In prospect and customer interactions, the term “business value approach” is often thrown around, but do we really understand what it means?
Recently, I was asked to define this concept, and it got me thinking about how critical a business value approach is for both providers and customers. Let’s delve into what a business value approach entails, what it looks like in practice, and how to measure its effectiveness.
The Why of a Business Value Approach
The essence of a business value approach is to:
- Ensure customers can receive tangible value from proposed solutions.
- Confirm customers are actually gaining the promised value from purchased solutions.
- Leverage on-going value achievement to assure a healthy and mutually beneficial relationship between you and the customer over time.
When executed correctly, a business value approach can serve as a cornerstone for long-term customer satisfaction, trust, and loyalty.
What Does a Business Value Approach Look Like?
Adopting a business value approach involves several interconnected steps that must be aligned with the customer’s needs and expectations. Here’s what it entails:
- Discovery around Challenges and “Do Nothing” Costs – The first step is to understand the customer’s pain points and quantify what it would cost them if no action is taken—often referred to as “Do Nothing” costs.
- Align Solutions to Challenges – Once you comprehend the challenges, align your product or service offerings as solutions to those specific problems.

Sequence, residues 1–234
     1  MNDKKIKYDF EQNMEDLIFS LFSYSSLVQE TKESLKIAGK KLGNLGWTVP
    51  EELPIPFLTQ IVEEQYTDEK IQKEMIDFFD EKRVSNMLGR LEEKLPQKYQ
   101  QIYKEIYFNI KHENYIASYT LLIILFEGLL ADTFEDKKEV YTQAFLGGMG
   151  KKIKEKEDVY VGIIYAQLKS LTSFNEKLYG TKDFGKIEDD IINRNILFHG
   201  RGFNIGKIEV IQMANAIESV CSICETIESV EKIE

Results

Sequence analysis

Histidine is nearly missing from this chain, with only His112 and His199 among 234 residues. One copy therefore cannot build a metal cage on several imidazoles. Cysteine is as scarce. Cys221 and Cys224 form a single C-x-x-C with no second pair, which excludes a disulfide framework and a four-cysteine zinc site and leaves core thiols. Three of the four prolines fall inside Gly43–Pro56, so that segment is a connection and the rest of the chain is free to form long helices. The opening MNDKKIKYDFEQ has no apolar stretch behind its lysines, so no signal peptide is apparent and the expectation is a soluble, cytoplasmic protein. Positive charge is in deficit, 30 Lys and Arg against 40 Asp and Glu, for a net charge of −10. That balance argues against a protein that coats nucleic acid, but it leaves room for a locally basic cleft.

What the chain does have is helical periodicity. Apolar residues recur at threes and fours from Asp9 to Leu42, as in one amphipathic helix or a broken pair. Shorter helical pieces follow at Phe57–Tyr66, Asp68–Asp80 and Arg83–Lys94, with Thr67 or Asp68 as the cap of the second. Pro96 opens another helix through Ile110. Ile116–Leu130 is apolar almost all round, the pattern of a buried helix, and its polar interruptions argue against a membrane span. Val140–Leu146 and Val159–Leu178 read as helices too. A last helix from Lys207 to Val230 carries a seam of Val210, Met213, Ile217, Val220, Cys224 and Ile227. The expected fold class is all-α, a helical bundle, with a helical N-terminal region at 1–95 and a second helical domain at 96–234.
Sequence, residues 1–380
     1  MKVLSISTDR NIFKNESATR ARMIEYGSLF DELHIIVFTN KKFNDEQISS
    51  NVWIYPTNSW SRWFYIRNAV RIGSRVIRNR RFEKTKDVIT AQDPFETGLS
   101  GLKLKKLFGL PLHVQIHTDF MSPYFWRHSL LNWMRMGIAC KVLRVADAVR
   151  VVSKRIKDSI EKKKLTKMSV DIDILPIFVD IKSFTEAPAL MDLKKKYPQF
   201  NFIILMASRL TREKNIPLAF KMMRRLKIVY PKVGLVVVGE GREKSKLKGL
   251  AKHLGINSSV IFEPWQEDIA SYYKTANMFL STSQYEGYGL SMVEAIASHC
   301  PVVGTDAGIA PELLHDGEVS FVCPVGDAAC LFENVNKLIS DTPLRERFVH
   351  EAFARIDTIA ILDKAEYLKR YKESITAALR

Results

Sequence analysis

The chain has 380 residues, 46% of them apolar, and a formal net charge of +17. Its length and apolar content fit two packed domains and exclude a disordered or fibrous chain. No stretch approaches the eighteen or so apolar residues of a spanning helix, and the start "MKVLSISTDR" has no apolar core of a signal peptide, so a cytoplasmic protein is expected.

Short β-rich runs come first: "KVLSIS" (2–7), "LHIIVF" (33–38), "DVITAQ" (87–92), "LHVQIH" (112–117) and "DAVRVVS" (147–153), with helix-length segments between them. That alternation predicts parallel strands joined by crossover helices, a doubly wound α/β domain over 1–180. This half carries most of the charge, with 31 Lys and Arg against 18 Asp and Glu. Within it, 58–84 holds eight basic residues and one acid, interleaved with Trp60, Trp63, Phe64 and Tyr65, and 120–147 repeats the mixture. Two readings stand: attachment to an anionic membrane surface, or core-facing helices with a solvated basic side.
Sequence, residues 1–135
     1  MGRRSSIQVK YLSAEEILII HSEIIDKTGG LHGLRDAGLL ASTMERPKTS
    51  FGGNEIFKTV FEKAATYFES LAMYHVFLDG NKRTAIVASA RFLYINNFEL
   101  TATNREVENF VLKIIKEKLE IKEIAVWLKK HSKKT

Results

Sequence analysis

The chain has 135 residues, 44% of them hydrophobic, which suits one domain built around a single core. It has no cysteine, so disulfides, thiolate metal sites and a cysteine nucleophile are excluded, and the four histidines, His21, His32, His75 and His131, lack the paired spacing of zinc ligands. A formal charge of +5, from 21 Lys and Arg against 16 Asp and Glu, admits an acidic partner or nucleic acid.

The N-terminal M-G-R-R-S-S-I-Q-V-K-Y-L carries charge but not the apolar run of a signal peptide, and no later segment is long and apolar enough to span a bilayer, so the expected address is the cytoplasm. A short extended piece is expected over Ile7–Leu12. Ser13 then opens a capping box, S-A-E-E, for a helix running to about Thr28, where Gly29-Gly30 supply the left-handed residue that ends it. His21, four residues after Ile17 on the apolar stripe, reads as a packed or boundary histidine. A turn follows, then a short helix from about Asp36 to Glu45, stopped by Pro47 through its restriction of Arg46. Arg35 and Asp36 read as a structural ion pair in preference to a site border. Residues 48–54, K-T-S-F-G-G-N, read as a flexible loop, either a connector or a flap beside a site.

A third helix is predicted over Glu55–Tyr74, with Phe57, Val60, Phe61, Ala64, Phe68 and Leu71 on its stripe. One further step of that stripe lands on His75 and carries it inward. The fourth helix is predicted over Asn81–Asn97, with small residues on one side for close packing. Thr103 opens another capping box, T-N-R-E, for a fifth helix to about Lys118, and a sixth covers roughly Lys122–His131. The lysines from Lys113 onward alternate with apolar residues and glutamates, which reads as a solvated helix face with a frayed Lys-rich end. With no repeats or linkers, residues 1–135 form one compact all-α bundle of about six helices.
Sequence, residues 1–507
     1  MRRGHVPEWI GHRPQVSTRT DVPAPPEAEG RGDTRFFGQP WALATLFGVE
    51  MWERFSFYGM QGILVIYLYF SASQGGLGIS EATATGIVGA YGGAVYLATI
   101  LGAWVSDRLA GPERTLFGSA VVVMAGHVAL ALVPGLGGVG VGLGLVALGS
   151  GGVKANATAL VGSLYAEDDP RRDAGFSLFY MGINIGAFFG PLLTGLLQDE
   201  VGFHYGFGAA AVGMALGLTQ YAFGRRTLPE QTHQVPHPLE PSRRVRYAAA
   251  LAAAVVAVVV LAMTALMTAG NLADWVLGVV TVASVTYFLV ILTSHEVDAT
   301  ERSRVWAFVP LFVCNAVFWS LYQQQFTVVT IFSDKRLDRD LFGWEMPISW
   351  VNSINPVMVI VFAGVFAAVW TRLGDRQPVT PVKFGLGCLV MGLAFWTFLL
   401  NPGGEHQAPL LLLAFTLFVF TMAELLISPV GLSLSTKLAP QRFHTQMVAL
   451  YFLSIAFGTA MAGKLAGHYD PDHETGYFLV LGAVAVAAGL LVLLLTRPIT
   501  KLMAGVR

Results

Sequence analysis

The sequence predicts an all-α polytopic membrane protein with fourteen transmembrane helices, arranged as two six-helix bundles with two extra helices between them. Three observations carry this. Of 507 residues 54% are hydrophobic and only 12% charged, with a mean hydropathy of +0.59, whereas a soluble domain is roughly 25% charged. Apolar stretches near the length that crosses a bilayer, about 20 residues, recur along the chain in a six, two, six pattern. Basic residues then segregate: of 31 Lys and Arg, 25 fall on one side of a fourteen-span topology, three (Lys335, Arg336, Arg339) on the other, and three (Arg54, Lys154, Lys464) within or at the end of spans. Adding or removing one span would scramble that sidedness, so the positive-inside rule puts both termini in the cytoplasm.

- Understand Business Impact and Value – Before making any commitments, assess the potential impact your solutions could have on the customer’s business and what tangible value they offer.
- Assure a Solid, Risk-Adjusted ROI – Be transparent about the return on investment (ROI), factoring in any potential risks, so the customer can make an informed decision.
- Understand Value Metrics Post-Deployment – Establish metrics that will help measure the value provided by your solutions after they’ve been implemented.
- Measure and Articulate Realized Value and ROI – After the deployment, continually monitor these metrics to assess the value and ROI realized, adjusting strategies as needed.
- Adjust Solutions for Value Achievement – Leverage the value customers expect and realize to drive your product roadmap, focusing on the solutions, use cases and features that actually drive business outcomes.
We like to think about the business value approach across the customer lifecycle, from attraction, through engagement and selling, and through retention and growth, described in this blog article here: Defining the Value Lifecycle: A Comprehensive Approach
How Do You Know If You’ve Gotten It Right?
If the business value approach is working as it should, measurable results will become evident across different facets of your organization:
- Marketing – Expect an increase in higher-quality engagements and more qualified opportunities entering the pipeline.
- Sales – Watch for elevated win rates, accelerated deal velocity, and larger deal sizes, all while maintaining lower discount levels.
- Customer Success – Notice more assured renewals and find more expansion opportunities, which in turn will generate additional revenue.
- Product – See faster releases and streamlined development with increased focus on what customers care about the most.
By adopting a business value approach, you’re not just selling a product or service; you’re building a customer relationship founded on trust and mutual benefit.
This approach ensures that you’re not just marketing and selling better in the near term, but aligned with the customer’s needs from the get-go, significantly increasing the chances of a long, profitable relationship for both parties.